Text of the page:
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New Tax Credit Proposal to Encourage Retirement Saving

Many financial experts agree that Americans aren’t doing enough to prepare for retirement, and more should be done to encourage them. One such professional is Robert Klein, financial advisor and founder of Retirement Income Center in Newport Beach, California. According to a recent article in Financial Advisor magazine, Klein has proposed a new tax credit for individuals who purchase deferred income annuities. While it would be required that the deferred income annuity be purchased with non-qualified money in order to be eligible for the suggested tax credit, it would allow for income distributions to receive favorable tax treatment.

Klein believes that we are in a perfect political climate for such a program to be authorized by Congress and approved by the president. With a lack of long-term care  planning, a questionable future for Social Security and the diminishing presence of private pension plans, tax reform is already a hot topic, making it a great time to discuss new proposals. Klein’s proposal is of a tax credit longevity annuity plan (TCLAP), which is similar to a qualifying longevity annuity contract (QLAC).

“Many people think 401(k) plans are pensions, but they are not. They are simply savings plans and will not provide lifetime payments,” Klein said. His plan includes a tax credit to encourage participation, therefore it requires approval by Congress and the president, which he has already begun to seek.

“QLACs represent a good effort by Congress to encourage retirement savings, but the kicker is that money coming out is taxable and there is a $125,000 limit on the money that can be used to purchase the annuity,” he added.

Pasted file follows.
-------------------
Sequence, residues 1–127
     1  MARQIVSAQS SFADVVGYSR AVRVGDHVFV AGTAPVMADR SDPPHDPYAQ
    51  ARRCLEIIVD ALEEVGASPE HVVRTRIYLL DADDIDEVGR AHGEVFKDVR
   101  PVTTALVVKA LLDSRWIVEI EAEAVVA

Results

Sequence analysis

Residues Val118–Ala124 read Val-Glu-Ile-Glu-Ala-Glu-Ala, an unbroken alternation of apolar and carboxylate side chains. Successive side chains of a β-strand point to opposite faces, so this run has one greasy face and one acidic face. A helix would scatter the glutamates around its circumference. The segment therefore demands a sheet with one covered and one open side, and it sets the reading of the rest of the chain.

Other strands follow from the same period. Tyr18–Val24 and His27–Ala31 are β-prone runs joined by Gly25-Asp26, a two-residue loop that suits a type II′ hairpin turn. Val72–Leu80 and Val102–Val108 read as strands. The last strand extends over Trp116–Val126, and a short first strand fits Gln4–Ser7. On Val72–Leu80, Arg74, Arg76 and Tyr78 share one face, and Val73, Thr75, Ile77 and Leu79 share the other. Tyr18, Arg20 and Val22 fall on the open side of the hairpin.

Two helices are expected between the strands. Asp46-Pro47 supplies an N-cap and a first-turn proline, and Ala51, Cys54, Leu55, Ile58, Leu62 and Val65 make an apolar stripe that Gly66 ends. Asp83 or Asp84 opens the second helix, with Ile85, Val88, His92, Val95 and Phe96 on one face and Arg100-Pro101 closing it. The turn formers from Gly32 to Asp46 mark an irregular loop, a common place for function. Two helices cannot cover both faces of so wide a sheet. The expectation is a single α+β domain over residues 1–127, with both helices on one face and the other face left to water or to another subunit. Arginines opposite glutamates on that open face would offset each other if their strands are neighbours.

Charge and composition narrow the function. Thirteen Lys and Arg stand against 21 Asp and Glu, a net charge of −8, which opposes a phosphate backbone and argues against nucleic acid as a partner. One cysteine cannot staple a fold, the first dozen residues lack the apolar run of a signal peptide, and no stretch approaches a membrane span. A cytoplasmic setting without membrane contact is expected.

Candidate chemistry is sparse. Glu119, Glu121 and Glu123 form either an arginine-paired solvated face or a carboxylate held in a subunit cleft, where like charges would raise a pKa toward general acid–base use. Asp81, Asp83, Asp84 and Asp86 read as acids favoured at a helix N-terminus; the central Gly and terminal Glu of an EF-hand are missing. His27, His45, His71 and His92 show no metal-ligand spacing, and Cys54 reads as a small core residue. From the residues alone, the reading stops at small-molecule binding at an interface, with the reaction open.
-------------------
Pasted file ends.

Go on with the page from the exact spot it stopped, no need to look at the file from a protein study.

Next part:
Under his proposal, after-tax money would be used to make the annuity purchase, but a tax credit would be given equivalent to 8% of the initial and subsequent purchases if the purchaser is not part of a 401(k) or other qualified retirement plan. For those who are, the credit would drop to 4%.

“I would propose a purchase limit of $100,000 in the initial contribution year and $50,000 in subsequent years with a lifetime limit of $750,000. This would result in a maximum investment tax credit of $8,000 or $4,000 in the initial year and $4,000 or $2,000 in subsequent years, depending on the purchaser’s participation in a qualified retirement plan,” Klein stated.

Another important feature would be the capability to withdraw funds to use for long-term care protection prior to the lifetime income start date. Specifically, up to $5,000 a month could be used for long-term care with a lifetime of 125% of the cumulative purchase amount.

“I am trying to solve several problems at the same time with this proposal: the absence of private pension plans for Americans, the lack of long-term care insurance, and the question of Social Security’s sustainability,” Klein said.

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